Observing the precise positions of stars required a huge amount of technology, calculation and concentration on the part of the observer. The astronomer would watch the star as it crossed the field of view of the transit telescope, then press a button as the star crossed each of several fine lines in the eyepiece, and press a button when the star met a crossing horizontal and vertical line. Each time the button was pressed a mark was made on a rotating sheet of paper on a precisely controlled chronograph.
Then the astronomer had to shift position and read several microscopes directed at the finely ruled scales on the transit circle, to determine both declination and right ascension (the celestial equivalent of latitude and longitude). Including the taking of the temperature and air pressure, there were as many as 22 different observations to be made for a single star. (See Maunder 1900, pp. 156-63 for a description of the procedure at Greenwich Observatory.)
The observation itself was only the start. Each observation had then to be adjusted carefully to allow for many factors that would influence the measurement: the bending of the star's light rays by the earth's atmosphere, the known errors of the instrument, and other technical factors such as precession, nutation and aberration. These laborious calculations had to be made using pencil and paper and logarithmic tables. A transit observation of 3 or 4 minutes could take hours of computation.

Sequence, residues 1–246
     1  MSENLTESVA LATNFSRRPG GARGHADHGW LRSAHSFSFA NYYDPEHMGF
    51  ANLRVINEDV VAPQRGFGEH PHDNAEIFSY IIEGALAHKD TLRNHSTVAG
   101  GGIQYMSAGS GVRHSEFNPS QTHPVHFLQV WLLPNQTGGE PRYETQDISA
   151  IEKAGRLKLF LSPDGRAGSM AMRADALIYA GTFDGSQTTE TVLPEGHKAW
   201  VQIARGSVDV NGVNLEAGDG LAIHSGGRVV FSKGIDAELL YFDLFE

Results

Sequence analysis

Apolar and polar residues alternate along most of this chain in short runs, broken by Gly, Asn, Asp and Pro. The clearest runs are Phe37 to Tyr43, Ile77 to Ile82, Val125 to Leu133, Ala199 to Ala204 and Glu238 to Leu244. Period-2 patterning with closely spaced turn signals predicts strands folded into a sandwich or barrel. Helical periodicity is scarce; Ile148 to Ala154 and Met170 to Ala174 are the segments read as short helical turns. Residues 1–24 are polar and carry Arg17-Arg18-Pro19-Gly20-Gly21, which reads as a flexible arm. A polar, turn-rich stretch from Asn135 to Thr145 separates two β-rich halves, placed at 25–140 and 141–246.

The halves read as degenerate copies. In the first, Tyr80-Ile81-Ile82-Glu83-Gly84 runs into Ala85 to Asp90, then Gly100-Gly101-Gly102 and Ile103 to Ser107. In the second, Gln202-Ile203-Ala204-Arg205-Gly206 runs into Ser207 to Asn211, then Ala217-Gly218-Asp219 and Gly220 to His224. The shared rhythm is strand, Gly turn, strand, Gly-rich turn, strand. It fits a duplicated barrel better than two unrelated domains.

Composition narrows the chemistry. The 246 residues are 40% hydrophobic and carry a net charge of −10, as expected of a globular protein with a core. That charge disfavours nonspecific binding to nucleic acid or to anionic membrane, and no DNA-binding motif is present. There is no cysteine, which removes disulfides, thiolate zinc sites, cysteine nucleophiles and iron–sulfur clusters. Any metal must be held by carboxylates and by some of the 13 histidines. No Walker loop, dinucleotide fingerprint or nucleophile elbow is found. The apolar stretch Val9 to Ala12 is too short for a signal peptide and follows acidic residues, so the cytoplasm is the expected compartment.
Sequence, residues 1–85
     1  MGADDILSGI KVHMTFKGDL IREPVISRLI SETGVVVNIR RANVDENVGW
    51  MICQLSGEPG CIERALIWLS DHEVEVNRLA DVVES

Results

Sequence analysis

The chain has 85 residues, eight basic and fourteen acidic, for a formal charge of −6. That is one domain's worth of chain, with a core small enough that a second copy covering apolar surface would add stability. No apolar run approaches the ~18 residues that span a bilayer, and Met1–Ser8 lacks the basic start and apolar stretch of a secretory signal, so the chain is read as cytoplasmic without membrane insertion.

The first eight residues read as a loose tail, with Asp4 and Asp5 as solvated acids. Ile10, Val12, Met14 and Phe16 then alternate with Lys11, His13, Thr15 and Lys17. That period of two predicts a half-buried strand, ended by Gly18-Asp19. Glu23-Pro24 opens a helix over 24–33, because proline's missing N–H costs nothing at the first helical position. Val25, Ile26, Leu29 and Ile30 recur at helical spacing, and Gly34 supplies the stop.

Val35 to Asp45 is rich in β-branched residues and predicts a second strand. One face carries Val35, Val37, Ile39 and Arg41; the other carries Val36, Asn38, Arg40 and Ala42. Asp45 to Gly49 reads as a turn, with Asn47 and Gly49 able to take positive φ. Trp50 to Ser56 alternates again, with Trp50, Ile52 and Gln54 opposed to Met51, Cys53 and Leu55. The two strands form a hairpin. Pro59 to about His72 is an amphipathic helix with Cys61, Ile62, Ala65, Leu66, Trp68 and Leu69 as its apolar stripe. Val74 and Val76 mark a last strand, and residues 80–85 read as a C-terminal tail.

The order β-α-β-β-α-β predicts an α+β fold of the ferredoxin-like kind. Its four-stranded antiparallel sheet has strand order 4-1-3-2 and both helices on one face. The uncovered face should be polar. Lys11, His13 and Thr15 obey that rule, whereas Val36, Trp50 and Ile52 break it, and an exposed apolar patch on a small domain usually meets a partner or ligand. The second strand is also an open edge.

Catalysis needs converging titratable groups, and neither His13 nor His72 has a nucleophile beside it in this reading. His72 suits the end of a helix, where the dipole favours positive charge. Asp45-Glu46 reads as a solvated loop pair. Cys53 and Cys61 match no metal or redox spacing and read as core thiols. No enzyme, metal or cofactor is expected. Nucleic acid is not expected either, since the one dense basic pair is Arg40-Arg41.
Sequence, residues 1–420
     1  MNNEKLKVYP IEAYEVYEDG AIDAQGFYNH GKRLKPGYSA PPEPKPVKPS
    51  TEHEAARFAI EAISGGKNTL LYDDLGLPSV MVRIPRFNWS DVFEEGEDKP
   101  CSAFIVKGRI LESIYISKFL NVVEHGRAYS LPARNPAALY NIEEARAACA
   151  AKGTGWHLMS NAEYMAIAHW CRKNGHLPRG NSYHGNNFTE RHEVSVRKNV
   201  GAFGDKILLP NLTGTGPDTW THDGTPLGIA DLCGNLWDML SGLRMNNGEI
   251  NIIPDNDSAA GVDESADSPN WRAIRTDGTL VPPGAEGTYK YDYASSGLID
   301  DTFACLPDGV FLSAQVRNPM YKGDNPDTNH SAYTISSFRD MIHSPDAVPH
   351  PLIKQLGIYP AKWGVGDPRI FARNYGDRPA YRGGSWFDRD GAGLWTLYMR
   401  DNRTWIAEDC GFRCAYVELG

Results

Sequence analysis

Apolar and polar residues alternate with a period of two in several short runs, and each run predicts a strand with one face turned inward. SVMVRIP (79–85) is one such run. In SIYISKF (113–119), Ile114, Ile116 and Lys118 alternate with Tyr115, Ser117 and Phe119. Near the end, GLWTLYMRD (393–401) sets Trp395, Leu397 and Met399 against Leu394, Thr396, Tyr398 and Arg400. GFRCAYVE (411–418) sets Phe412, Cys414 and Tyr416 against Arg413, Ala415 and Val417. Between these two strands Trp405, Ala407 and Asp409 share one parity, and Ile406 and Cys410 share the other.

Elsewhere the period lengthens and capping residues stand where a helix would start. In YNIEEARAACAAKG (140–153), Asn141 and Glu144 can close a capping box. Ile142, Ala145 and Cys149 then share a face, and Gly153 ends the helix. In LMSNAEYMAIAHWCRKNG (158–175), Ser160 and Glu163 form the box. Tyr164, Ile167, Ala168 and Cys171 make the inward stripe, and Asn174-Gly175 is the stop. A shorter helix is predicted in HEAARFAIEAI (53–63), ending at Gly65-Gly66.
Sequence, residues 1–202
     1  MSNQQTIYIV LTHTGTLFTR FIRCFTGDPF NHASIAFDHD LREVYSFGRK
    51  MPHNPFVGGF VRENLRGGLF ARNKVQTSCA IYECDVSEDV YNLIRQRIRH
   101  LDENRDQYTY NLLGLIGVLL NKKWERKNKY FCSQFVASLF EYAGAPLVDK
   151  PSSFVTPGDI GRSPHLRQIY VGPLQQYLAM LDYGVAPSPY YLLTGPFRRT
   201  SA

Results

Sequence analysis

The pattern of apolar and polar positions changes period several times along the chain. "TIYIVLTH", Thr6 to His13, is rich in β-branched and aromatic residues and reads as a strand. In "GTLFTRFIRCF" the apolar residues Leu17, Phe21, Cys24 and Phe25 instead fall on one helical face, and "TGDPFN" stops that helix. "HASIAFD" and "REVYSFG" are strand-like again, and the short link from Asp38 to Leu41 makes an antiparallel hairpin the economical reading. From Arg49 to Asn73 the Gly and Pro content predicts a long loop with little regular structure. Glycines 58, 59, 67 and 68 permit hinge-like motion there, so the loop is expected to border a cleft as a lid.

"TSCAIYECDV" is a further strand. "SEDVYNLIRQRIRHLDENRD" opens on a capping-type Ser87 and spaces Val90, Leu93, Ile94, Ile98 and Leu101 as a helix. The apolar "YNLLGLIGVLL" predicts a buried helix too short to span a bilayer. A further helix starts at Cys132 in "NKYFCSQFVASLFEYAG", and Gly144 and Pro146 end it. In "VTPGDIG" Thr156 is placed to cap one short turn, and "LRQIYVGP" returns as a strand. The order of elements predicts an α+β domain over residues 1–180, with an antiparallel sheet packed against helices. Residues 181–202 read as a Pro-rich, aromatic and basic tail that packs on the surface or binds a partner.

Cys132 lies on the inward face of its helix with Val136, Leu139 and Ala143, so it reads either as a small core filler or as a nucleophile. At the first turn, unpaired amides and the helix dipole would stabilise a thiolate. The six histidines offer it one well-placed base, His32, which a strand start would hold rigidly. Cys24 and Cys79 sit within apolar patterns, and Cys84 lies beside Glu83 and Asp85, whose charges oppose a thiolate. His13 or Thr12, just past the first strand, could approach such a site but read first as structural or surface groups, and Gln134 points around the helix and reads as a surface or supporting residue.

Even the observer had to be taken into account as a source of error. In 1796 the British Astronomer-Royal had dismissed his assistant because he had a 'vicious way of observing the times of the Transits too late', by as much as a second. Astronomers realised that each one had a slightly different way of recording the time; some anticipated the star crossing the line a moment too early, others were slow. Frequent testing allowed the calculation of each observer's peculiar but fairly consistent habits, or 'personal equation', and this could be allowed for in the final calculation of the star's position.
Melbourne Observatory's astronomers would undertake observations of the same stars, to compare their personal equations and adjust their observations to a common standard. When in 1883 Australian observatories undertook to more accurately determine the longitude of each observatory, Pietro Baracchi, a young scientist who was soon to join the Melbourne Observatory staff, was sent to each Australian observatory to compare his personal equation with those of the primary observers in each colony. Typically the differences were no more than a quarter to a third of a second, but it was important to adjust for these if accurate determinations of longitude were to be made.
Maunder, E. Walter (1900). The Royal Observatory Greenwich: A Glance at its History and Work, London: The Religious Tract Society.
Schaffer, Simon (1988). 'Astronomers mark time: discipline and the personal equation,' Science in Context, 2, pp.115-145.